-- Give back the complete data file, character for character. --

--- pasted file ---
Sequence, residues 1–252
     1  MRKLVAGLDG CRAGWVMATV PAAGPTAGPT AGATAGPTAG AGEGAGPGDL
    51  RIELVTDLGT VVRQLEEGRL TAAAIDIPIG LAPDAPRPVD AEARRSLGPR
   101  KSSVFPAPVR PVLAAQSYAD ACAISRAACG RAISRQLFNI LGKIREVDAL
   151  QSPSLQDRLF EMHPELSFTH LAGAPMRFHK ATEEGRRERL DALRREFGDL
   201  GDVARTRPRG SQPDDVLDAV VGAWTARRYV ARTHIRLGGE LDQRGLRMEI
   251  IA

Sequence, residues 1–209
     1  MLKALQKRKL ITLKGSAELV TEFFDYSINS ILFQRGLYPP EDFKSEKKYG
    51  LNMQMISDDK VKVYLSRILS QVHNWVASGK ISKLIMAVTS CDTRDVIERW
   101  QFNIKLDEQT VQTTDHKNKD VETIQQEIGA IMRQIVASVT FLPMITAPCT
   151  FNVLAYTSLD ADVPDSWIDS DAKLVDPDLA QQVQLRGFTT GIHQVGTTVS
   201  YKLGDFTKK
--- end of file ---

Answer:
Sequence, residues 1–252
     1  MRKLVAGLDG CRAGWVMATV PAAGPTAGPT AGATAGPTAG AGEGAGPGDL
    51  RIELVTDLGT VVRQLEEGRL TAAAIDIPIG LAPDAPRPVD AEARRSLGPR
   101  KSSVFPAPVR PVLAAQSYAD ACAISRAACG RAISRQLFNI LGKIREVDAL
   151  QSPSLQDRLF EMHPELSFTH LAGAPMRFHK ATEEGRRERL DALRREFGDL
   201  GDVARTRPRG SQPDDVLDAV VGAWTARRYV ARTHIRLGGE LDQRGLRMEI
   251  IA

Sequence, residues 1–209
     1  MLKALQKRKL ITLKGSAELV TEFFDYSINS ILFQRGLYPP EDFKSEKKYG
    51  LNMQMISDDK VKVYLSRILS QVHNWVASGK ISKLIMAVTS CDTRDVIERW
   101  QFNIKLDEQT VQTTDHKNKD VETIQQEIGA IMRQIVASVT FLPMITAPCT
   151  FNVLAYTSLD ADVPDSWIDS DAKLVDPDLA QQVQLRGFTT GIHQVGTTVS
   201  YKLGDFTKK